NBC Bay Area
A protester holds a sign in this file image from a rally demanding a higher minimum wage in Oakland.
California could soon have the highest minimum wage in the country.
A bill approved by the state senate would set minimum wage at $13 an hour by 2017. Lawmakers passed SB935 on a party-line, 21-12 vote Thursday, sending it to the Assembly.
Tipped workers would also make $13 an hour.
After 2017, minimum wage would rise each year to keep pace with inflation.
The bill's author, Democratic Sen. Mark Leno of San Francisco, says it's needed to help lift low-wage earners out of poverty.
California's current minimum wage is $8 an hour and will rise to $9 an hour starting in July. It goes up to $10 an hour in 2016.
Under Leno's bill, it would go to $11 an hour in 2015, $12 an hour in 2016 and $13 an hour in 2017.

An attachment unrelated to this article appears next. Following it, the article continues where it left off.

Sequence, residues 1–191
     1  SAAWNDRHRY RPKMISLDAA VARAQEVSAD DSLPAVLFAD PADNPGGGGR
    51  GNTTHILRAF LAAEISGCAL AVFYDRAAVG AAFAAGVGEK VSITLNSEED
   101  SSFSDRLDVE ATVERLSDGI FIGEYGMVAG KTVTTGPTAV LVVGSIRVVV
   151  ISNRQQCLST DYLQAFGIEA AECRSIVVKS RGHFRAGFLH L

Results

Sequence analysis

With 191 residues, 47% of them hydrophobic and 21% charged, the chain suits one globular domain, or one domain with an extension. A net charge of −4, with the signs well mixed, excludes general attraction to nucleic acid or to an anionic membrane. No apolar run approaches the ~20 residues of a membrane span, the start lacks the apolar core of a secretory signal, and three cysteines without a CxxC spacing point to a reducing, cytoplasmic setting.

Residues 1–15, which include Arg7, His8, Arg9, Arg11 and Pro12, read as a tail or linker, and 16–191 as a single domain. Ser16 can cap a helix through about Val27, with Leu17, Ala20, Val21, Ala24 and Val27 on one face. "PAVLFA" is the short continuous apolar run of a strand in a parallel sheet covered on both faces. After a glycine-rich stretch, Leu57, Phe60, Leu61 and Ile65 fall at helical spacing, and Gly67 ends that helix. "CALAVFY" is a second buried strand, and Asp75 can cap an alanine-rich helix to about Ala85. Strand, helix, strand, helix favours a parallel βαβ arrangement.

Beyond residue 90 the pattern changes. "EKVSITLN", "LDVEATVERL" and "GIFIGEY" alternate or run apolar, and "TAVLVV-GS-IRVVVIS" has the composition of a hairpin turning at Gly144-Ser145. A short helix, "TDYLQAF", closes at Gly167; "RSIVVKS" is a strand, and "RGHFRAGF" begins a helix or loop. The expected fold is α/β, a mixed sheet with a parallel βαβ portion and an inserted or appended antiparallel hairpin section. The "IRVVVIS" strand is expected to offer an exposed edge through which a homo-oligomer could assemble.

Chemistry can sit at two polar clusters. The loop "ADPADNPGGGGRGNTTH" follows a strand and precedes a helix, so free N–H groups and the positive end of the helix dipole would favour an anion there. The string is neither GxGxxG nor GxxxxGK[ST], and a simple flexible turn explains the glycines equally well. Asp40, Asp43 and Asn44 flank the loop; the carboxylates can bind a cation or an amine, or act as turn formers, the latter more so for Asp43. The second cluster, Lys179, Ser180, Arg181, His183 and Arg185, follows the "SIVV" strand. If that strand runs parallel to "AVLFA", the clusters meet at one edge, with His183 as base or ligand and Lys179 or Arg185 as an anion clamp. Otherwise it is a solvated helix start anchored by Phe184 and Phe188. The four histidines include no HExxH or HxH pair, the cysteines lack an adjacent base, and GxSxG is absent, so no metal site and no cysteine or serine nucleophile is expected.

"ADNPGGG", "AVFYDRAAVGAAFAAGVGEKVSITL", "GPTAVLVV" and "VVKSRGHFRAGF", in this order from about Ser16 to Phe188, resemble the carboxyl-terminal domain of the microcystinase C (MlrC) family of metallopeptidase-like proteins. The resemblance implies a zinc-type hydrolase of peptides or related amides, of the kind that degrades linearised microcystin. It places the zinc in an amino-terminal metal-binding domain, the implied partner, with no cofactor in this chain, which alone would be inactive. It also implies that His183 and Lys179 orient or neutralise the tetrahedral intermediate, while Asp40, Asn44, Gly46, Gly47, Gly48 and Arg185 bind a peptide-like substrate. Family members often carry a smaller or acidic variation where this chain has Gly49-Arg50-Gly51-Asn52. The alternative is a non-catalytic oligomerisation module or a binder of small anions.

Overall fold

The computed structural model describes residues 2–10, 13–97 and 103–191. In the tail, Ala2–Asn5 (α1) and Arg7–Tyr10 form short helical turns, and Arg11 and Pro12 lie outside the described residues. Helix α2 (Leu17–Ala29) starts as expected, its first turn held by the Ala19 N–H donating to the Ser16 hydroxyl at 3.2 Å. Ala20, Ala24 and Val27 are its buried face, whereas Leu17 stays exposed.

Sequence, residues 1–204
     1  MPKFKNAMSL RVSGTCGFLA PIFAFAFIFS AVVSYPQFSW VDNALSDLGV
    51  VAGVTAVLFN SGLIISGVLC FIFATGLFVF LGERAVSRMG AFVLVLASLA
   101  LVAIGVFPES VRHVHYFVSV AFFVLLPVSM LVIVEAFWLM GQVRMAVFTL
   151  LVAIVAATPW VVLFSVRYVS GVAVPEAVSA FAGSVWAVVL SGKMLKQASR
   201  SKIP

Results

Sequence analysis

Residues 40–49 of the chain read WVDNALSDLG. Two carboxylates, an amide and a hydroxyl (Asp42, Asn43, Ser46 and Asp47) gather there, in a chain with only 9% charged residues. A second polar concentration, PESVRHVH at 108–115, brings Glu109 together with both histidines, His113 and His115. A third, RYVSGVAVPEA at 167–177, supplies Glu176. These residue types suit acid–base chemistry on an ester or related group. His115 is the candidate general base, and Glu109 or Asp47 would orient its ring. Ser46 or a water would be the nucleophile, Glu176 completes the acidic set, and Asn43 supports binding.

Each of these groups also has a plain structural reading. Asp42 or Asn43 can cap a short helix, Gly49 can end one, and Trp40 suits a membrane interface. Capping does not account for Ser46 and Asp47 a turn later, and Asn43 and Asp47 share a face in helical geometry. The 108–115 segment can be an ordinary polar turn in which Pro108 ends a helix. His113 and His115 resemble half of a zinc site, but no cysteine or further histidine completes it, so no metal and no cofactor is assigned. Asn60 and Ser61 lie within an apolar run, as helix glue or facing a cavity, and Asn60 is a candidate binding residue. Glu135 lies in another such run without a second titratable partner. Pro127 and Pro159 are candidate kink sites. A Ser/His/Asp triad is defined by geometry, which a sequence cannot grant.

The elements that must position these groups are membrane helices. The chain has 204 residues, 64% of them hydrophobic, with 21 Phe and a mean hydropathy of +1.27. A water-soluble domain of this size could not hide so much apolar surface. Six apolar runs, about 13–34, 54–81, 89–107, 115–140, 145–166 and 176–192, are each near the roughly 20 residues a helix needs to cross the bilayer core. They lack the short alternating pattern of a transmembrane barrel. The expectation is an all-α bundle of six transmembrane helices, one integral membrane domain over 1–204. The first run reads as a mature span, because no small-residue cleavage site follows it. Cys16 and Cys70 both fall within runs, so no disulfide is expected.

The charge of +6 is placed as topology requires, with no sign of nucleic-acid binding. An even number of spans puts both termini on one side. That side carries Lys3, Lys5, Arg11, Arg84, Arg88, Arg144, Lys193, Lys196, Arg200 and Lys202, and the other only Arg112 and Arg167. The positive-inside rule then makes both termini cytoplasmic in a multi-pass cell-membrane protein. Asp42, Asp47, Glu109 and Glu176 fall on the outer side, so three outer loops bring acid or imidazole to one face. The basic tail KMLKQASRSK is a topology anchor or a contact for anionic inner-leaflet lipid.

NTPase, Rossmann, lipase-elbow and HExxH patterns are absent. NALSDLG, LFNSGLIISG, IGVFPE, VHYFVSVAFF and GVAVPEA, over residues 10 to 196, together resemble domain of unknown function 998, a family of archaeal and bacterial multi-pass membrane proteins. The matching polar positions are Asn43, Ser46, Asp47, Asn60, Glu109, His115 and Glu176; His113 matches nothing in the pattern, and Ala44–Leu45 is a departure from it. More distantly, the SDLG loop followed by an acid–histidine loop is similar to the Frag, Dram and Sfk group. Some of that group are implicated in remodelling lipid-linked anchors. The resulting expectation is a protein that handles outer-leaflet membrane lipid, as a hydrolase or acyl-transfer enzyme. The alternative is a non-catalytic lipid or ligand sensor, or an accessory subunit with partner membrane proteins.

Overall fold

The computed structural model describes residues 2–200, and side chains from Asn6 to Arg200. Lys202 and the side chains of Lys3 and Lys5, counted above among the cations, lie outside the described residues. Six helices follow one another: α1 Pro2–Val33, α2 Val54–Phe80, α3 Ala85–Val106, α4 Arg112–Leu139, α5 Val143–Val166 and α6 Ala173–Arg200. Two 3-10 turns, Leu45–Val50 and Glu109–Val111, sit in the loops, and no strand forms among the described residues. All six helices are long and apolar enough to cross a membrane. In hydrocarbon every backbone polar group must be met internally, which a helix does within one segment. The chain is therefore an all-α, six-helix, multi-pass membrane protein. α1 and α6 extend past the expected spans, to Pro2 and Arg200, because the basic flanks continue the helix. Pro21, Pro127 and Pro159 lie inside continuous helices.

Republican lawmakers say the state should focus on building job skills.
Cities in California already have the right to set a higher minimum wage. In San Francisco, for example, the minimum wage is $10.74.
In the North Bay, the city of Sonoma's minimum wage is set at $15.38, the highest municipal minimum wage in the United States.
Further north, a Seattle City Council committee approved a $15-an-hour municipal minimum wage to be voted on by the full council next week.